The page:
3. ^ Boren, James (September 2003). "The Making of a Magical Girl". Animerica. Viz Media. 11 (9): 31.
  4. ^ a b c d Sugawa, Akiko (February 26, 2015). "Children of Sailor Moon: The Evolution of Magical Girls in Japanese Anime". Nippon Communications Foundation. Retrieved May 28, 2016.
  5. ^ Saito, Kumiko (2 January 2014). "Magic, Shōjo, and Metamorphosis: Magical Girl Anime and the Challenges of Changing Gender Identities in Japanese Society". The Journal of Asian Studies. 73 (01): 143–164. doi:10.1017/S0021911813001708.
  6. ^ Poitras, Gilles (2004). Anime Essentials: Every Thing a Fan Needs to Know (4th ed.). Berkeley, California: Stone Bridge Press. pp. 31–32. ISBN 1880656531.
  7. ^ Ohanesian, Liz (October 22, 2012). "How Puella Magi Madoka Magica Shatters Anime Stereotypes". LA Weekly. Retrieved August 18, 2014.
  8. ^ a b "大人気シリーズ第二弾『魔法×戦士 マジマジョピュアーズ!". Real Sound (in Japanese). April 8, 2018. Retrieved December 6, 2018.
  9. ^ "Binan Koko Chikyuu Boei-bu Love Anime with High School Boys Unveiled". Anime News Network. 2014-09-26. Retrieved 2014-12-30.
  10. ^ "Anime Series' Official Homepage". Anime Series' Official Homepage. January 21, 2011. Archived from the original on January 22, 2011. Retrieved January 23, 2011.
  11. ^ Anders, Ella (February 13, 2016). "Winx Club to Receive Live-Action Film". BSC Kids. Retrieved June 13, 2016.
  12. ^ Altehenger, Jennifer E. (2013). "Chapter 4: Comic Travels: Disney Publishing in the People's Republic of China". In Yung, Anthony Y.H. Asian Popular Culture: The Global (Dis)continuity. Hoboken, New Jersey: Taylor and Francis. pp. 66–70. ISBN 9781134089956. Retrieved October 18, 2017.
  13. ^ Bellerby, Grace (August 15, 2012). The History of Magical Girl Anime: Sparkles Without Cullens (Speech). Amecon 2012. SlideShare. Keele University. Retrieved October 18, 2017.
  14. ^ Anders, Ella (April 27, 2016). "Lolirock Arrives At Long Last to US". BSC Kids. Retrieved April 20, 2017.
  15. ^ Jenkins, Bob (October 1, 2013). "Lolirock Gets Ready to Rock". License! Global. Retrieved January 9, 2016.
  16. ^ Todesco, Bertrand (September 4, 2015). "BACK TO 2011 !: the creation of LoliRock - part 1: IRIS genesis". Tumblr. Retrieved June 13, 2016.
  17. ^ Anders, Ella (July 2, 2015). "Part Magical Girl, Part Superhero; Ladybug Arrives State-Side in Fall". BSC Kids. Retrieved January 9, 2016.
  18. ^ Collins, Elle (December 3, 2015). "Teen French Heroes Ladybug & Cat Noir Arrive On Nickelodeon". Comics Alliance. Archived from the original on February 16, 2016. Retrieved February 27, 2016. The influence of the Magical Girl genre is inescapable; when Marinette's mother is captured in a bubble and carried off into the sky, apparently along with every adult in Paris, Marinette transforms into Ladybug in a series of twirls and poses, just as Sailor Moon and other magical girls always do. She even has the guidance of some kind of talking ladybug creature, fulfilling another Magical Girl trope.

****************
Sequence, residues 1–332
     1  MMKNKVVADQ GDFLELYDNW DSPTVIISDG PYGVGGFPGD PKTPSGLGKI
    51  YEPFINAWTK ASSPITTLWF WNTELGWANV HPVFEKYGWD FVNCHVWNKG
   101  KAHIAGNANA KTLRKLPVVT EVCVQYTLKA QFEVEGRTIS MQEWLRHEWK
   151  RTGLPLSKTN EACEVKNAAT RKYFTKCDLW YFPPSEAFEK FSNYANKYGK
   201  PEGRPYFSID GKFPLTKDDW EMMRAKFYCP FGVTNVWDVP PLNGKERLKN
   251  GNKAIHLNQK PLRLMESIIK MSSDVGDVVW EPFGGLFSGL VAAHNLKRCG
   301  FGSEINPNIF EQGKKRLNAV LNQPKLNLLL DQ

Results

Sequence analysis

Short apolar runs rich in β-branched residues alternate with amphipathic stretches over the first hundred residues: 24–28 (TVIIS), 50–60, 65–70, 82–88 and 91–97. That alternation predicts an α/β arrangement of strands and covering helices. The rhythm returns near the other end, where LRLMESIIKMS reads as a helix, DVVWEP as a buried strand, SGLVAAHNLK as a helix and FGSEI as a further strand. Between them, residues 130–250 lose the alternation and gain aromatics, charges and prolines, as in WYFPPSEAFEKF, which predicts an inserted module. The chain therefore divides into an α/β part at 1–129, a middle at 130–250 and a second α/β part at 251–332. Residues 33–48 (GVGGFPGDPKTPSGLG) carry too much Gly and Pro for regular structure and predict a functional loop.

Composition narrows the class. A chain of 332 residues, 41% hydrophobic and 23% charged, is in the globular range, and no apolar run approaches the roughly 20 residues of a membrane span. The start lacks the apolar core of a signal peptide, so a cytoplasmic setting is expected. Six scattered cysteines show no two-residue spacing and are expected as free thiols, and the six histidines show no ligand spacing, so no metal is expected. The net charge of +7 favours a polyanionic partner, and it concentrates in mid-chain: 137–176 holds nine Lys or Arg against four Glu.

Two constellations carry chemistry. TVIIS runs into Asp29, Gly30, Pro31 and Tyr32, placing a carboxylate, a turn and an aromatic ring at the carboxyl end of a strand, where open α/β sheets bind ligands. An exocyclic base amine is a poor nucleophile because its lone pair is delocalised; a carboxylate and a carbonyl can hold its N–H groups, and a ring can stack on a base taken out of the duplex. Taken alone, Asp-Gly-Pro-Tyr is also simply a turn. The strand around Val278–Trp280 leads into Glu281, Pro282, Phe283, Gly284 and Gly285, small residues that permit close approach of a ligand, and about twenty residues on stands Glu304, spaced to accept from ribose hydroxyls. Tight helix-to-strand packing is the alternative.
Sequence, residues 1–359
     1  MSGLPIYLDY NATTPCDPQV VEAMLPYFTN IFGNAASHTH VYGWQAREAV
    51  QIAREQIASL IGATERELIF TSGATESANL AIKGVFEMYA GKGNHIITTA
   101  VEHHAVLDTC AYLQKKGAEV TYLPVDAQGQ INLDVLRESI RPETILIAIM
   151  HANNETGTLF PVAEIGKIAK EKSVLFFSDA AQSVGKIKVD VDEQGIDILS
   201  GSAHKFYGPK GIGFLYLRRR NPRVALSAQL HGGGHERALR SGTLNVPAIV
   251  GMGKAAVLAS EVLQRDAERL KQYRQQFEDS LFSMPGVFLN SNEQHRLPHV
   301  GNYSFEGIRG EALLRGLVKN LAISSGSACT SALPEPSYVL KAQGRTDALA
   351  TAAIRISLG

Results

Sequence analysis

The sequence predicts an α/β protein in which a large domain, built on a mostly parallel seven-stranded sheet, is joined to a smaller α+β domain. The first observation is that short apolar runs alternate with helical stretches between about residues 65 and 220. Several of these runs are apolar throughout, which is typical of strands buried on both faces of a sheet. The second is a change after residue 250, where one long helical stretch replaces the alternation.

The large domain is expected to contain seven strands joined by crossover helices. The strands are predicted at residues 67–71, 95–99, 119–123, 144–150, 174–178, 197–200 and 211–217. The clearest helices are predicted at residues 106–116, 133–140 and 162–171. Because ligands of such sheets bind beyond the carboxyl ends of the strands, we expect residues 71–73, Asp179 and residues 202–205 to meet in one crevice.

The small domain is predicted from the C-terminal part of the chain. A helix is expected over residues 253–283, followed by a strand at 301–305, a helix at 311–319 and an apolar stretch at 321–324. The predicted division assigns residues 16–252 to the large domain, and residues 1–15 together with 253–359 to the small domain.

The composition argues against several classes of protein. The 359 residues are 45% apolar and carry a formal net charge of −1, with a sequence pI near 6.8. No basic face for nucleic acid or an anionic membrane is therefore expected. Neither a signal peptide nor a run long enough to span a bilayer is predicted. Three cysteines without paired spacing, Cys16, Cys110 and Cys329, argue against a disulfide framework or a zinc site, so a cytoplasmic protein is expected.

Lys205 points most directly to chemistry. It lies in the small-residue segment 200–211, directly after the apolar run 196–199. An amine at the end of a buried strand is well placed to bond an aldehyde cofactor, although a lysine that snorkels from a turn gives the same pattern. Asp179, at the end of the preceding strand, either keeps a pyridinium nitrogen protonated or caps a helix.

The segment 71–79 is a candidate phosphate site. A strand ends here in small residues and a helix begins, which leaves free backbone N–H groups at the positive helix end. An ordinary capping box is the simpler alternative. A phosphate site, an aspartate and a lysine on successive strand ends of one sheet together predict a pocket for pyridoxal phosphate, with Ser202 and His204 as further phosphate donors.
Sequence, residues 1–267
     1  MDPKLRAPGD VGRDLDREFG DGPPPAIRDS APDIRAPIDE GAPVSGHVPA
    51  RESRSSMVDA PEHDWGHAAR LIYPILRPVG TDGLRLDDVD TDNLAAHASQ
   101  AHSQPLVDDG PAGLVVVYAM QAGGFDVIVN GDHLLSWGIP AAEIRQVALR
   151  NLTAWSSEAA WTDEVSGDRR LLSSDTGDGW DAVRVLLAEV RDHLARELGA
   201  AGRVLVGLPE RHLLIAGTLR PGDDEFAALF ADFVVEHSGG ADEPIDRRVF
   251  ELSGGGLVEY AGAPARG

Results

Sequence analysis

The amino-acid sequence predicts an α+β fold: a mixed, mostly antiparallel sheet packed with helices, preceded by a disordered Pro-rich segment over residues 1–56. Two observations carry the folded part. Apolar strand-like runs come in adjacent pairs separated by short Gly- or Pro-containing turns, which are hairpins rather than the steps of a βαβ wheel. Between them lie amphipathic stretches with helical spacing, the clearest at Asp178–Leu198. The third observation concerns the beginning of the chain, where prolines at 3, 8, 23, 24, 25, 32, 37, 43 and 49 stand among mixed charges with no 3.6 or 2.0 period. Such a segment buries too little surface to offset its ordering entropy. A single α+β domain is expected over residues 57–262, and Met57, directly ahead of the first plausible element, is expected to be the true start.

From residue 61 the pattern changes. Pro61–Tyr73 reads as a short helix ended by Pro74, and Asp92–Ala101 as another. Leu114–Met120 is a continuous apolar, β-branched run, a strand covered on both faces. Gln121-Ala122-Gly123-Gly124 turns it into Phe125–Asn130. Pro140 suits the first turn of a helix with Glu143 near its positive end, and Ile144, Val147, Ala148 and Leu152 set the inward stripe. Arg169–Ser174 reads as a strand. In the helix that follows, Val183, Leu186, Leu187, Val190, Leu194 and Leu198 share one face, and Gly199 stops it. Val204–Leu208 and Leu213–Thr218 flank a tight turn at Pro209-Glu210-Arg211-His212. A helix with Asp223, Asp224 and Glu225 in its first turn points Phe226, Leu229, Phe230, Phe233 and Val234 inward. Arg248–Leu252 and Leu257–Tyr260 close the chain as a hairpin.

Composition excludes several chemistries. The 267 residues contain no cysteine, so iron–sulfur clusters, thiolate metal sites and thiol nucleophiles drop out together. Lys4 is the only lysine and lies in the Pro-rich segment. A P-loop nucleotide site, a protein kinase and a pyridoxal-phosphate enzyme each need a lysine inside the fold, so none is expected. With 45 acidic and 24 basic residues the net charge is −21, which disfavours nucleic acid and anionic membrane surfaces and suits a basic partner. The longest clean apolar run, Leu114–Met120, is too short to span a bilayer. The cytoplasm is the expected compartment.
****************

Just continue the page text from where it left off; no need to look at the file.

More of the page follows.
19. ^ "Girls of Olympus". The Animation Band. Retrieved March 16, 2016.
  20. ^ "The Girls of Canterlot High Return to Discovery Family in Three New My Little Pony: Equestria Girls Specials to Air Throughout the Network's Annual "Summer Splash" Programming Event". Discovery. May 26, 2017. Retrieved October 28, 2018.

Further reading

List of Magical Girl Lyrical Nanoha characters

The following list introduces the characters of the Magical Girl Lyrical Nanoha in Main and Movie Timeline.

Luna Petunia

Luna Petunia is a Canadian-American animated television series produced by Cirque du Soleil Media with Saban Capital Group and BrainPower Studio. The series premiered on Netflix on December 9, 2016. It follows the adventures of a little girl named Luna Petunia who plays in a dreamland where she learns how to make the impossible possible. Season 2 was released on July 7, 2017. Season 3 was released on November 17, 2017.It was followed by Luna Petunia: Return to Amazia on February 2, 2018. Season 2 was released on July 20, 2018.On May 1, 2018, Saban Brands sold Luna Petunia to Hasbro.

Magical Girl (film)

Magical Girl is a 2014 Spanish neo-noir film directed by Carlos Vermut. The film was screened at the 2014 Toronto International Film Festival and the 2014 San Sebastián International Film Festival, where it won the Golden Shell. It won the Goya Award for Best Actress for Bárbara Lennie at the 29th Goya Awards ceremony.

Magical Girl Lyrical Nanoha

Magical Girl Lyrical Nanoha (魔法少女リリカルなのは, Mahō Shōjo Ririkaru Nanoha) is a Japanese anime television series directed by Akiyuki Shinbo, with screenplay written by Masaki Tsuzuki, and produced by Seven Arcs. It forms part of the Magical Girl Lyrical Nanoha series. The Japanese Association of Independent Television Stations broadcast 13 episodes between October and December 2004. The series is a spin-off of the Triangle Heart series and its story follows a girl named Nanoha Takamachi who decides to help a young mage named Yūno to recover a set of 21 artifacts named the "Jewel Seeds".

Masaki Tsuzuki adapted the series into a novel, which Megami Bunko published in August 2005. King Records has adapted several soundtracks and drama CDs from the series. A sequel to the anime series titled Magical Girl Lyrical Nanoha A's produced by Seven Arcs premiered in Japan on October 2005, broadcast on Chiba TV. A film adaptation of the anime series, also by Seven Arcs, was released in theaters on January 23, 2010, accompanied by a manga series which was serialized in Megami Magazine between November 2009 and March 2011.

Geneon Entertainment licensed the anime series for English-language dubbed release in North America at Anime Expo 2007 (June 29 to July 2). Due to Geneon switching distribution labels between September 2007 and July 2008, Funimation distributed the series (in a single DVD compilation-volume boxset) approximately one and a half years after the announcement of the licensing. Many production credits for the English-language dubbed release were missing.

Moderately well received by Japanese-language viewers, all DVD volumes peaked at 70 to 22 and below on the Oricon Animation DVD ranking and remained on the chart for at least two weeks.

Magical Girl Lyrical Nanoha A's